higher and then rapidly heading south to touch their initial public offering price of $38. The gains were below market forecasts of as much as a 50% jump.
Mark Zuckerberg rings the opening bell of the Nasdaq stock market from Facebook headquarters in California. (AP Photo)
"We have got some unhappy guys out there," said Wayne Kaufman, chief market strategist at John Thomas Financial, a retail broker on Wall Street.
"They were hoping for Facebook to be considerably better. I bet there are a lot of disappointed people in the market."
Facebook, which has about 900 million users globally, priced its IPO at the top end of its target range, becoming the first US company to go public with a valuation greater than $100 billion.
If a greenshoe option to underwriters is exercised, Facebook will raise as much as $18.4 billion by selling an 18% stake, the second-biggest IPO in US history after the one by Visa Inc.
Analysts blamed the poorer-than-expected first-day showing on the vast number of shares floated and market weakness. General Motors' decision to pull paid-advertising from the social network, announced this week, also hurt.
After a delay in the opening print that drove up anxiety levels among traders and onlookers outside the Nasdaq, the closely watched stock began trading at $42.05, rose to as high as $45 and then rapidly retreated. The Nasdaq exchange said it was investigating an issue with execution of trades.
Facebook's IPO had been heavily oversubscribed, particularly by retail investors, despite concerns about slowing growth in the last quarter, whether the company can make money from mobile advertising, and the immense control Chief Executive Mark Zuckerberg has over on the company.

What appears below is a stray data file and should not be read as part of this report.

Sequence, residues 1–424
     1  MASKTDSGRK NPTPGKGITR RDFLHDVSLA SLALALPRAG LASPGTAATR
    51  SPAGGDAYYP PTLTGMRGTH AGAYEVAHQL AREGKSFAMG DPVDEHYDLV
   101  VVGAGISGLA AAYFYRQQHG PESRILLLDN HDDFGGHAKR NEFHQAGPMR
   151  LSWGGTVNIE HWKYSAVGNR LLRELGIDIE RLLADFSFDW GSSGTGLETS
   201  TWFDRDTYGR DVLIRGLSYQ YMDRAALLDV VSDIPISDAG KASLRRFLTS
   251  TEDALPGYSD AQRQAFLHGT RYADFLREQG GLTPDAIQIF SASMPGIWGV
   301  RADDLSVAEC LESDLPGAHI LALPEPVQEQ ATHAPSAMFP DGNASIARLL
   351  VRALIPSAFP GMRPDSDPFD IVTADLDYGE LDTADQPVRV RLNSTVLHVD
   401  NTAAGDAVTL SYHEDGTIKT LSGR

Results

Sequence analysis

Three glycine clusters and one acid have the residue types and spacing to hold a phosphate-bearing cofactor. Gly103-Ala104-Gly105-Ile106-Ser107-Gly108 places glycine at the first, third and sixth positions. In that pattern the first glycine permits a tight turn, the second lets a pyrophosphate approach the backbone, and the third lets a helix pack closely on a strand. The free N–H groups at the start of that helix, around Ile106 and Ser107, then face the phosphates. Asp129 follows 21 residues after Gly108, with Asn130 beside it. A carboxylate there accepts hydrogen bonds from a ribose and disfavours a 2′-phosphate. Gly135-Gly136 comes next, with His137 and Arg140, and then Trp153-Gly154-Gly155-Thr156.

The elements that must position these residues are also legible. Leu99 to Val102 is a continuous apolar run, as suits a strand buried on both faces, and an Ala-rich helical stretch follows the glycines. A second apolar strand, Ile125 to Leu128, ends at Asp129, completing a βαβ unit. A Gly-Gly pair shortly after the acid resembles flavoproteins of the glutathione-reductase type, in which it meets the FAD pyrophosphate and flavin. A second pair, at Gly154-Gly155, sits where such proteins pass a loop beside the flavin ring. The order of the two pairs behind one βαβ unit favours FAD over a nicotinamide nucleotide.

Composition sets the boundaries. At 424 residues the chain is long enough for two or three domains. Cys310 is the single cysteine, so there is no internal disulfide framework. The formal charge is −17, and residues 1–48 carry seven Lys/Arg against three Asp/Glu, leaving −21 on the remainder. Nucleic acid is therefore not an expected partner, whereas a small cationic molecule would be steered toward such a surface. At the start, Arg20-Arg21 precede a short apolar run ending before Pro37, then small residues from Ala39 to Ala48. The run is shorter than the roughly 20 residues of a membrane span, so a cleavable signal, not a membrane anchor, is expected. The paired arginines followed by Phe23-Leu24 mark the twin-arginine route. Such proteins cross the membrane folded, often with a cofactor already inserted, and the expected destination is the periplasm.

Others warned that the IPO price, equivalent to over 100 times historical earnings versus Apple Inc's 14 times and Google Inc's 19 times, makes Facebook a risky bet.
For Facebook, Friday began with much fanfare. To rapturous applause from employees, Mark Zuckerberg -- flanked by chief operating officer Sheryl Sandberg and Nasdaq chief executive Robert Greifeld -- rang the bell to kick off trading at the company's Silicon Valley headquarters at 6:30am Pacific time.
The 28-year-old billionaire founder, wearing his trademark black hoodie, hugged and high-fived Sandberg and other employees in celebration after he pressed the remote button.
The area outside Facebook's offices was packed with throngs of photographers, more than a dozen television trucks, and a TV news helicopter hovering overhead as the excitement reached fever pitch.
The fizzling of Facebook's early gains put pressure on other social media stocks.
Zynga, which depends on Facebook for much of its revenue, dived 13% before it was halted. LinkedIn Corp was off 3% at midday.
"When you see what's happening with other social media stocks today, which are significantly down, as well as looking at Facebook trading flat, we think it has traded obviously at the high end," said Destination Wealth Management CEO Michael Yoshikami.
"It's a rich valuation, particularly given the advertising pressure they're under now. Advertising revenue has grown significantly slower over the past few years, and that's punctuated by GM's decision to stop advertising on Facebook."
"We're not buyers at $38, particularly considering that most of their business is in mobile and they haven't figured out how to make money yet."